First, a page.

Many in IT are living in a fool's paradise
The uncomfortable reality for IT and business executives is that most are operating in a fool's paradise when it comes to the consumerization trend. A recent IDC study shows that although 40 percent of IT decision makers say they let employees access corporate information from employee-owned devices, 70 percent of employees say they access corporate data that way. That means in many organizations IT has no real handle on what is actually happening in the systems it is managing. IDC's research also shows that the use of personally owned devices is only growing.
Other IDC research shows the IT disconnect from the already-consumerized technology reality in their companies. Note the mismatch in the slide below between IT's and users' views of policies relating to who pays for mobile services: IT thinks that the business determines and directly pays for business-related access, a view shared only by BlackBerry users (those whom IT provisions). Users of other mobile platforms say they bear the costs or charge them to the company as an expense -- and thus make the decisions. In other words, these IT organizations see only the BlackBerrys that represent the pre-consumerization state of their organizations.
Forrester Research says that the consumerization trend will only intensify as the Millennials become a greater proportion of the workforce. In 2010, a quarter of employees were Millennials, a proportion that rises to 40 percent in 2020. Think about it: The Boomers who grew up in the individual-empowerment era of the 1960s and 1970s are largely the ones who have the political clout and financial ability to use their own technologies, but the generations that follow see such technology as simply normal.
I've heard several CIOs at large, conservative enterprises say they had to allow iOS and Android devices because "kids" wouldn't work for a firm that forced them to use a BlackBerry and Windows XP PC. The U.S. Army is a great example; it's proactively looking to deploy Android devices and iPads, and it's training troops on appropriate use of iPhones and other such devices because its 20-something workforce uses them anyhow.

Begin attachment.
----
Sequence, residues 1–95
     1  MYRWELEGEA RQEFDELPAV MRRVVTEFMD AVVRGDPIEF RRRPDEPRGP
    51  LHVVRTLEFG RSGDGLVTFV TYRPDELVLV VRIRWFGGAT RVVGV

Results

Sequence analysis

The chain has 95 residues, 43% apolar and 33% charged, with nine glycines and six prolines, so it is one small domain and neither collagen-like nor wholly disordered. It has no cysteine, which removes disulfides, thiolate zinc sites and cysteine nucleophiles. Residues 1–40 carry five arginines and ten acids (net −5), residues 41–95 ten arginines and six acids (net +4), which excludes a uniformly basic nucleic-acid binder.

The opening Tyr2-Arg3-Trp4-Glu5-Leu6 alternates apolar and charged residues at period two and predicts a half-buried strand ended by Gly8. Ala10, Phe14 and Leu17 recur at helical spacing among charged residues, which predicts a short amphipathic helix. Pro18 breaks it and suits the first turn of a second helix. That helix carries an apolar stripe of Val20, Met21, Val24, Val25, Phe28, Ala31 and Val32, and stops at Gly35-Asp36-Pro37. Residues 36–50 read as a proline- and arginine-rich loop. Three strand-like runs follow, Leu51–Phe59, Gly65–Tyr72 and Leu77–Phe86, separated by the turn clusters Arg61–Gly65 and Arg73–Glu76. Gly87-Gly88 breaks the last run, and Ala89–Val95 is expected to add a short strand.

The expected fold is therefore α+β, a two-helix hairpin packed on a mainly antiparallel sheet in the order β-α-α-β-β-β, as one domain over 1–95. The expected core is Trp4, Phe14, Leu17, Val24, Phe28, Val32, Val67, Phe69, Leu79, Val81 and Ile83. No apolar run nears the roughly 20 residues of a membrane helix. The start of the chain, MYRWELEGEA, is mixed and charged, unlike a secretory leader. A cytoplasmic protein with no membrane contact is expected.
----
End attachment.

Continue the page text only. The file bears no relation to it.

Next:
One more study, this time from Aberdeen Research: I covered it in detail earlier this year in my blog because it's such a shocker. The more you try to control employee-oriented technology, the more it costs you and the less safe you are. Remember that analogy of trying to fence in teenagers? That's why: When you rigidly control the technology and processes of knowledge workers, they actively work around you -- and against you. Your "secured" email ends up getting forwarded to Gmail and Hotmail accounts where you have zero control or visibility into it. Documents find their ways onto CD-Rs, thumb drives, and cloud storage for transfer to home computers and from there to mobile devices. Cloud apps will be used more and more, as IT becomes viewed as the obstacle to getting work done.